The use of writing to face trauma and externalize it as part of healing is common, as well as the study of and creation of visual art. But, how can other aspects of the humanities help us to heal? How could history, for instance, help us understand and connect with ourselves more deeply? The very act of imagining a time and place outside of the present is an exercise in creativity. According to a publication put out by The Higher Education Academy, historical imagination is a key ingredient in being a historian and in learning about history. Therefore, just thinking about and studying history begins to unlock creativity. History also helps us to understand the immense complexity of our world and therefore enables us to cope with the problems and possibilities of the present and future. That sounds like a recipe for healing to me. Once we have our creative juices flowing and an understanding of our personal and collective past, we can better assess our own present and begin to envision a more healed and whole future. But, don’t take myself and Boughton’s word for it. Sign up for a poetry workshop, take a humanities course in history, ancient literature or philosophy. You never know where your next step towards healing will arise, so why not give the humanities a chance?

Boughton has studied, teaches and uses writing herself, especially poetry. She has been in charge of the veterans section of the San Diego Poetry Annual for several years, and has taught poetry at San Diego State University and through veteran poetry workshops. She says the act of writing poetry is especially powerful in how it allows veterans to connect to the parts of themselves that need the most self-expression. “Poetry creates an internal conversation with the parts we try to ignore and repress,” Boughton said. “Poetry gives veterans a medium to reconnect to all parts of ourselves, thereby helping us once again become whole.”

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Healing


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WOUNDS WE CANNOT SEE

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Post Traumatic Stress Disorder does not always allow the affected to seek help. Lend a hand and provide them with methods of help, listen and be a friend.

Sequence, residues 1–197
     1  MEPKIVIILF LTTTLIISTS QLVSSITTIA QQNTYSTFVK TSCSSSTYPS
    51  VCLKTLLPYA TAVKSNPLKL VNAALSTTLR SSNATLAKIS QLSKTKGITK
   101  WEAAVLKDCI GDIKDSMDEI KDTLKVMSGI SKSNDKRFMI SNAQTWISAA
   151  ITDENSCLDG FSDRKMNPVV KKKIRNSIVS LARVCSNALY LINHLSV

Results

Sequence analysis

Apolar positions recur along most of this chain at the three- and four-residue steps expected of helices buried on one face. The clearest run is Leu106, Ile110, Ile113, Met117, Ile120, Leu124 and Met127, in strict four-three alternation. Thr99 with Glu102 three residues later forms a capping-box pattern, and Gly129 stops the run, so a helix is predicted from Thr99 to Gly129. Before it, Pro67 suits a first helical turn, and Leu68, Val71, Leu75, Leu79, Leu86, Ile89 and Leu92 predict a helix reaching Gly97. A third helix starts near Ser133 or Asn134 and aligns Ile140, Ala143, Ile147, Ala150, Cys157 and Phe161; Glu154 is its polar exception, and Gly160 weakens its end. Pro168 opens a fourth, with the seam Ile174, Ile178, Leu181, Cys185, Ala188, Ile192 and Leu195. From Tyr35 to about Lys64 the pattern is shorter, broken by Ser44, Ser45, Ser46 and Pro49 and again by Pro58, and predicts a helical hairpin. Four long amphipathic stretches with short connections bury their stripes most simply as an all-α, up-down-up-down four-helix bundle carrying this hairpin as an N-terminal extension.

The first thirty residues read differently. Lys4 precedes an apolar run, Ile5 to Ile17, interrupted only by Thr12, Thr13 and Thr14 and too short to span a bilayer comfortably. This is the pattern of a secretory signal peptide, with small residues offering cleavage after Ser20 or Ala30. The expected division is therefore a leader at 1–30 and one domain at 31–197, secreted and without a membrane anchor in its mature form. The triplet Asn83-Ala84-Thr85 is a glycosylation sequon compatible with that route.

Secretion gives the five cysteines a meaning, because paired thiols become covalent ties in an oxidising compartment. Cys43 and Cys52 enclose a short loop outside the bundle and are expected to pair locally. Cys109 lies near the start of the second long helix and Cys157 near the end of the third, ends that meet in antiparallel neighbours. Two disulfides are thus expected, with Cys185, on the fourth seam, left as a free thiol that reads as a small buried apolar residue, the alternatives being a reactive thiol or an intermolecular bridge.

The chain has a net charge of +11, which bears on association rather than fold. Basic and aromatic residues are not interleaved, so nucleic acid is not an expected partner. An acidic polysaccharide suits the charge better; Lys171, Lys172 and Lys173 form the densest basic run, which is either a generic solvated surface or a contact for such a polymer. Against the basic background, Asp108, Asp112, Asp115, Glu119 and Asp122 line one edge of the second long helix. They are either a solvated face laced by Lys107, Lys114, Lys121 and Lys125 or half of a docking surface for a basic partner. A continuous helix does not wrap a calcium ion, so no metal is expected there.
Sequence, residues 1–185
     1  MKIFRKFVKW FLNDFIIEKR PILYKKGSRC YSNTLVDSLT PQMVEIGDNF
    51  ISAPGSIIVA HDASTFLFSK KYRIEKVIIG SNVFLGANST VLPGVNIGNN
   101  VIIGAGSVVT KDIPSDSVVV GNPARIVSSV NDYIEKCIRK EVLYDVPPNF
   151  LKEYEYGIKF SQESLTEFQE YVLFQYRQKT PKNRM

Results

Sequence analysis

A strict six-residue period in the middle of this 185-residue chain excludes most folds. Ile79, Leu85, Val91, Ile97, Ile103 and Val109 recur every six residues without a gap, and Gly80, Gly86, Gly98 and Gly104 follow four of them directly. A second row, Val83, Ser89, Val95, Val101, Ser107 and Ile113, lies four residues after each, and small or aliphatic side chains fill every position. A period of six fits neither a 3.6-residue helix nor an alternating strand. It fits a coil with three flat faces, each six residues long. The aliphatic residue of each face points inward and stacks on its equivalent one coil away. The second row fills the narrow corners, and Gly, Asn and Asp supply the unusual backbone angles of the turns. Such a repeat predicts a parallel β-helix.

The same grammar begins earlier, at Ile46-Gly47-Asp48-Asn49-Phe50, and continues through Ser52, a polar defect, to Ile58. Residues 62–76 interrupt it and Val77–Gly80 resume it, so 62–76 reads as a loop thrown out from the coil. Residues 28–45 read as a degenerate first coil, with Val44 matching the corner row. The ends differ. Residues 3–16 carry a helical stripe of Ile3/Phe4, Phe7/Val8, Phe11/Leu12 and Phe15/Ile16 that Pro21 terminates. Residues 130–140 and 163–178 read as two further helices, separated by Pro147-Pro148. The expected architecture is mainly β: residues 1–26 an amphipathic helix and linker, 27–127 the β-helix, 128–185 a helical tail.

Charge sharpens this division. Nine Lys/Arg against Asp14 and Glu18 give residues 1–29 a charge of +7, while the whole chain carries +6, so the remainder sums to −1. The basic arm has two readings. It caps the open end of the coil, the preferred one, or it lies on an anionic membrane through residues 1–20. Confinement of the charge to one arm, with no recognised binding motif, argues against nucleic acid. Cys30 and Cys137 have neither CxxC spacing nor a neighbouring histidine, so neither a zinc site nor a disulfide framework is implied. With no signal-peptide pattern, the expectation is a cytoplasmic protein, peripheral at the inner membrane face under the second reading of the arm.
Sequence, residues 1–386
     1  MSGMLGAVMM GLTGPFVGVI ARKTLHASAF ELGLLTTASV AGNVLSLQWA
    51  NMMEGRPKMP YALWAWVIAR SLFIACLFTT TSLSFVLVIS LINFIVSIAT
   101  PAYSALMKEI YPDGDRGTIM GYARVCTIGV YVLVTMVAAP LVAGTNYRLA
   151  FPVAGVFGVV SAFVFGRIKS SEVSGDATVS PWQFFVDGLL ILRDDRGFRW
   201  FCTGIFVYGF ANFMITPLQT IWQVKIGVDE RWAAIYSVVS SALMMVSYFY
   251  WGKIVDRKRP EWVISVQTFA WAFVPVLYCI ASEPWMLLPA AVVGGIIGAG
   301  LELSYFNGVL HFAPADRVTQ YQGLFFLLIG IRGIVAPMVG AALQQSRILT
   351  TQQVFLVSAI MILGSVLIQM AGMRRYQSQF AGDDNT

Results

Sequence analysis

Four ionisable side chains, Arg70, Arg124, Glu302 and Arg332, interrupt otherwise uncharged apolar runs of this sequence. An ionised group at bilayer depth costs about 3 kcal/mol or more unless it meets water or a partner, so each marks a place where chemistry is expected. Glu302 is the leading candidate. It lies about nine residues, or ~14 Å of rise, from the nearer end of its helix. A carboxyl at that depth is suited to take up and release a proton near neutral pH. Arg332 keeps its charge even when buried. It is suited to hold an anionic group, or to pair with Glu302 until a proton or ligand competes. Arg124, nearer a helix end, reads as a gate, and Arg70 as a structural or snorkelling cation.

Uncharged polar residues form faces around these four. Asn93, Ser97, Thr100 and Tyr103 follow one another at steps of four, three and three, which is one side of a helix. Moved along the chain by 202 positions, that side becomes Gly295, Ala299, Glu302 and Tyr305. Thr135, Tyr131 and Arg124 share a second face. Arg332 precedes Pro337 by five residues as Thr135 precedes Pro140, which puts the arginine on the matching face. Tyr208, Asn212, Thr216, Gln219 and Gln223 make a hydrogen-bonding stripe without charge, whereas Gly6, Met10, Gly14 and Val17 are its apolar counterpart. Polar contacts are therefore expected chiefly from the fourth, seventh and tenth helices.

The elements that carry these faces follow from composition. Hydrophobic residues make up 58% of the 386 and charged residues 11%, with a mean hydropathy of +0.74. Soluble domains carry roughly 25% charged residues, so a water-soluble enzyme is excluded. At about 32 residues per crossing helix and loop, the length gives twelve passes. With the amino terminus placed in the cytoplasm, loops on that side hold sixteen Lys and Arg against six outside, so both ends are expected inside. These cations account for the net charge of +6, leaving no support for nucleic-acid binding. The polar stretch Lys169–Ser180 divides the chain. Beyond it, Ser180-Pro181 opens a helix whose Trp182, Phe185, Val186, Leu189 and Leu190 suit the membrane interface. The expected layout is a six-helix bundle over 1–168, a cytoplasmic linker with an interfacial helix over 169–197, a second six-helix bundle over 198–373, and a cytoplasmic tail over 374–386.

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Homeland Magazine works with nonprofit veteran organizations that help more than 1 million veterans in life-changing ways each year.

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Resources.

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Support. Inspiration.

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At Homeland Magazine you can visit our website for all current and past articles relating to PTSD, symptoms, resources and real stories of inspiration.

Resources & Articles available at:

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How Veterans Can Overcome Isolation and Other Mental Health Challenges By Jim Lorraine, President and CEO of America’s Warrior Partnership The transition from military service to civilian life can be stressful for veterans as they navigate challenges such as finding a new job, moving to a new home, or applying for GI Bill benefits. This process can place a considerable strain on even the toughest of veterans, particularly if they feel alone or isolated in the experience, so it is critical to be aware of mental health best practices, resources, and services that are accessible within your community. Here are a few of the takeaways and tips shared by veterans who spoke at our Seventh Annual Warrior Community Integration Symposium about their own experiences overcoming feelings of isolation and other mental health challenges both during and after their transition out of the military. Build your network Sarah Roberts, a veteran of the U.S. Army who currently serves as Head of Military and Veteran Programs at LinkedIn, shared the benefits of networking with fellow veterans during the transition to civilian life. This can be particularly valuable when starting a new job. When you meet a new co-worker who is also a veteran, they may be more likely to understand the questions you have in settling into your new role. Connecting with fellow veterans is also a great way to learn about resources or programs within the community. As Sarah put it during her panel discussion: “you don’t have to do it alone.” Your fellow service members supported you during active duty, and your fellow veterans are ready to do the same as civilians.